October 22, 2007
What do economists consider necessities? N.C. State University's Mike Walden says their definition isn't much different from the way the term is used in everyday language. Listen
"I think most people have the notion that well a necessity is something they just need to have. And it doesn't matter what the price is, they have to buy it," says Dr. Walden, a professor of agricultural and resource economics. "And actually that's pretty close to the way economists define a necessity.
"How we define it is that we look at how people react in their purchases of a product when the price changes. And if, for example, when the price of gas goes up and people reduce their gas purchases just a little bit -- they essentially buy the same numbers of gallons that they were when the price was lower -- then we call that product a necessity.
"On the other hand," he adds, "if we look at say the purchase of luxury cars and what we typically find -- pick any model of a luxury car -- that when the price goes up a lot you will see a major drop in the purchase of that luxury car. Then we say that luxury car is not a necessity.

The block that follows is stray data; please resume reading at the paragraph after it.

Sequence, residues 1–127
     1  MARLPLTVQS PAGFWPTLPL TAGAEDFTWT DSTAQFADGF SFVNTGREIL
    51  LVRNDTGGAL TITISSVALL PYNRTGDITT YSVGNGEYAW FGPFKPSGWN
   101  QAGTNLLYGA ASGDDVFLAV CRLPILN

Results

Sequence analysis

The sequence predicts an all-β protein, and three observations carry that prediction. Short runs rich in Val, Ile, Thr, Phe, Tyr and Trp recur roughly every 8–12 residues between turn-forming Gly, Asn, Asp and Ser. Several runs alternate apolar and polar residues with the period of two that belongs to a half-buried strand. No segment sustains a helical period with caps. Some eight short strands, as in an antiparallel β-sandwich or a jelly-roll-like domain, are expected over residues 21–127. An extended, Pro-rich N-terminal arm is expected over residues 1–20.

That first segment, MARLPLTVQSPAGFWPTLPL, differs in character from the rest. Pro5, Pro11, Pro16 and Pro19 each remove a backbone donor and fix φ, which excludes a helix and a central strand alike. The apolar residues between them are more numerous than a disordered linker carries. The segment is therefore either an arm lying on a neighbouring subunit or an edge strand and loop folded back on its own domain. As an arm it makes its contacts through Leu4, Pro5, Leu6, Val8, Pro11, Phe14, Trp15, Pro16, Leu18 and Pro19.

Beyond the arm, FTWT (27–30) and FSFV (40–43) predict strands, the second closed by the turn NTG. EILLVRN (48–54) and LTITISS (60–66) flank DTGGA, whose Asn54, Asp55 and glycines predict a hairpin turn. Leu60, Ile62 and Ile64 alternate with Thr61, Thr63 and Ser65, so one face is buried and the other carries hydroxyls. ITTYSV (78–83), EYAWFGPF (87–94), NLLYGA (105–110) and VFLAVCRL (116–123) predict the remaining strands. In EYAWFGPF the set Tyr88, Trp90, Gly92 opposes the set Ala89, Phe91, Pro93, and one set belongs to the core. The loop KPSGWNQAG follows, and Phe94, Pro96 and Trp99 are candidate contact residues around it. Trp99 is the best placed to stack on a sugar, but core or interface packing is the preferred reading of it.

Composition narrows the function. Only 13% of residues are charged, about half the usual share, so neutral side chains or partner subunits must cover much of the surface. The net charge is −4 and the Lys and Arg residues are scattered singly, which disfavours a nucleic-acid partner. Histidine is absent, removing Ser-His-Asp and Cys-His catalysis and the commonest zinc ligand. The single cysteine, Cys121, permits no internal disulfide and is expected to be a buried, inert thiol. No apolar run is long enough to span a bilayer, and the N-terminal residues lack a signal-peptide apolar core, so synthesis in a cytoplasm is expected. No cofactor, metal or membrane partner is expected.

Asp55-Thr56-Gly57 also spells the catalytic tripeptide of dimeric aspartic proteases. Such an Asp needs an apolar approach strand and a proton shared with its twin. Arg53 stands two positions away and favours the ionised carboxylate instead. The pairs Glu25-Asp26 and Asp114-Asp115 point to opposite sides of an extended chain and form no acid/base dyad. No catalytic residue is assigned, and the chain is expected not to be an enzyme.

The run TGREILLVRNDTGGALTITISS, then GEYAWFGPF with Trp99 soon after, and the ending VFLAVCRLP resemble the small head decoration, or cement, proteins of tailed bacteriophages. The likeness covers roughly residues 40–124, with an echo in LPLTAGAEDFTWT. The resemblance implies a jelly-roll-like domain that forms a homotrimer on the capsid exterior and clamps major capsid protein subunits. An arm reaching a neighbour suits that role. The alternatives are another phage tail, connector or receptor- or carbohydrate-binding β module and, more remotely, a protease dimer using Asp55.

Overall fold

"So the things we think of as necessities –- gas, food, clothing, housing -– they are necessities, again, because people don't respond very much in their purchases to changes in price. So this gets beyond just saying necessity is something that we want to call a necessity. It really gives us a specific way of defining that very important concept."
Posted by deeshore at October 22, 2007 08:00 AM